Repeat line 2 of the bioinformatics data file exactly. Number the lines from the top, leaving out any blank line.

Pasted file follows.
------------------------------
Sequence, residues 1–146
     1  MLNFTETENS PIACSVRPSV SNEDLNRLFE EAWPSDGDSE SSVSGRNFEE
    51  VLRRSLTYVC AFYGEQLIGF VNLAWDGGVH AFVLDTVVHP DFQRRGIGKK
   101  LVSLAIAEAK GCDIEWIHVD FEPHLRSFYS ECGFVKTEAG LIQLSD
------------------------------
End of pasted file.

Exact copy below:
     1  MLNFTETENS PIACSVRPSV SNEDLNRLFE EAWPSDGDSE SSVSGRNFEE